“Um, well, I haven’t really had time to – ” “Sorry, I can’t talk for long, I have to go,” he cut me off. “But it’s really a shame. I’m going to miss you.
Perhaps we can have some wine soon to discuss it all?” And with that, he clicked off. Where was the mildmannered, circumspect guy I had thought him to be? Had I said something terrible; made a glaring faux pas? (And wine? At our tête-à-têtes, we had just drunk cola or tea... Who was this Cabernet-quaffing person?) And that was just it. He left me with a feeling of: A.
Not knowing him in the slightest (How well can you know anyone after meeting them a few times, but there was clearly more there?); B. Having done something to turn him off.
Being that I hadn’t seen it coming, I was somewhat surprised and hurt; spending a little more time than usual analyzing the situation with my mom and some friends. Was I not polite enough? Did I allude to a gloriously slutty past? Did I have saddlebags? No, no and no, we assessed. I had been the model of breeding, being myself while telling him just enough about my history. And my ankles were clearly fine; he had mentioned how attractive he thought I was on multiple occasions.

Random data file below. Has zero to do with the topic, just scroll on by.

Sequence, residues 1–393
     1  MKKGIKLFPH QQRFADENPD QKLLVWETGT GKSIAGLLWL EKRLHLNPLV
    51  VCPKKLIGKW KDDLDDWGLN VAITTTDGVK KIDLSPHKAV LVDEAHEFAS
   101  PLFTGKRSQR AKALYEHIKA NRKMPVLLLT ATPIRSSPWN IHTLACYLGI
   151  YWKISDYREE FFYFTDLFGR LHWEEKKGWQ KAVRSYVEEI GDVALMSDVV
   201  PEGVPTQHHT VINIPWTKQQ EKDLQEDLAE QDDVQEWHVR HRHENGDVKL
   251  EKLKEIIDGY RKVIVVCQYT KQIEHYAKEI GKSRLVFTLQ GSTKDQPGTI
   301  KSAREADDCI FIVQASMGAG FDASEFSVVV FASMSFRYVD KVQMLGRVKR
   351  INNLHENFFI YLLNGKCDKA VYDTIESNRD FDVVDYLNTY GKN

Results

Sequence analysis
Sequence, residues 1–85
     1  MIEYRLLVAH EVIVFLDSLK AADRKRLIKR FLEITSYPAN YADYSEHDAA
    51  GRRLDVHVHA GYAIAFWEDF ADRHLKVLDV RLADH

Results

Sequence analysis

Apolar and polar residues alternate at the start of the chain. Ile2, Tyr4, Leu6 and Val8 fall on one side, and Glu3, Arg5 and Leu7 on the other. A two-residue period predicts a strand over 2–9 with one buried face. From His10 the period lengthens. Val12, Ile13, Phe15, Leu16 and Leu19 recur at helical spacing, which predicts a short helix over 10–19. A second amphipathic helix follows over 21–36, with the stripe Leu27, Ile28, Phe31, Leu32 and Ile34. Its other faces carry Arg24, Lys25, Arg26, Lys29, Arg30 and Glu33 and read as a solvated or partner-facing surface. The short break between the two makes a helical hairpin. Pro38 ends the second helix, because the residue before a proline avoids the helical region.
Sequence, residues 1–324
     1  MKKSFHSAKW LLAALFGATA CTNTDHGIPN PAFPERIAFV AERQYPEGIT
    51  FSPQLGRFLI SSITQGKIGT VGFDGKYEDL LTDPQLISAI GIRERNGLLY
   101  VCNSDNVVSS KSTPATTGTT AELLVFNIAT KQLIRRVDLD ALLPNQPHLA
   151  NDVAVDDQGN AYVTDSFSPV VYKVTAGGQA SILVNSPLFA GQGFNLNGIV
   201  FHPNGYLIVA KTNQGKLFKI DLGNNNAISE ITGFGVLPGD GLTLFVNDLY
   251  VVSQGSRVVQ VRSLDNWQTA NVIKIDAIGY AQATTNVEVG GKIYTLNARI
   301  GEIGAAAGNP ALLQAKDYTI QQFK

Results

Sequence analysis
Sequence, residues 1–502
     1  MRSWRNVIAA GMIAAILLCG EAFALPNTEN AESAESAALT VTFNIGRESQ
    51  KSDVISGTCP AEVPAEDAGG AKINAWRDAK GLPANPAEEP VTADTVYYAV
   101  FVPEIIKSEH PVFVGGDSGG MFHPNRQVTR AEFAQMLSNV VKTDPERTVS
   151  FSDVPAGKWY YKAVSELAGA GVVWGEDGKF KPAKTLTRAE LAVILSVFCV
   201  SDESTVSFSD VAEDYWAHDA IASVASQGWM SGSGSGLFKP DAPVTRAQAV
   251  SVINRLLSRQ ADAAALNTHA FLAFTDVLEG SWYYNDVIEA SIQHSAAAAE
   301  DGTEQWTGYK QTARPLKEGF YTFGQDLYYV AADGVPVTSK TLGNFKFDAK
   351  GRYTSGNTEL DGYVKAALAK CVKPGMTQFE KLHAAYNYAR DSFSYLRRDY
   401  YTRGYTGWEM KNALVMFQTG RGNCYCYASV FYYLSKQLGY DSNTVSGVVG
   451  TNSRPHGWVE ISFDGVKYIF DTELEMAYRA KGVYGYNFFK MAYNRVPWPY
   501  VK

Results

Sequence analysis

You just don’t know the guy and what he’s all about, they advised. Forget about it. Move on.
SO I moved on. But that certainly wasn’t the last of Assaf.
Firstly, he appeared to regret his decision, texting me the next week to schmooze about the weather. When I didn’t reply – what was the point? – he tried again a few days later with some other mundane remark, then finally texting: I hope you’re not upset with me. I meant what I said about wanting to get together.
What did he want? A date without the pressure? No, I finally wrote back, I’m not upset with you. I just am really focused on getting married, and don’t want these confusing interactions.
I respect that, he wrote back.
But he didn’t. I really want to meet and talk, he tried again a week later.
Clearly there was a bee in this guy’s bonnet. I agreed to meet up with him for some “wine” at a café near a party I planned to go later that evening – we could talk, but he wasn’t going to be my only plan of the night.
After exchanging pleasantries, I prompted him: So? What was the big thing you wanted to say? You’re a really good girl, it was a hard decision to make not to go out with you anymore.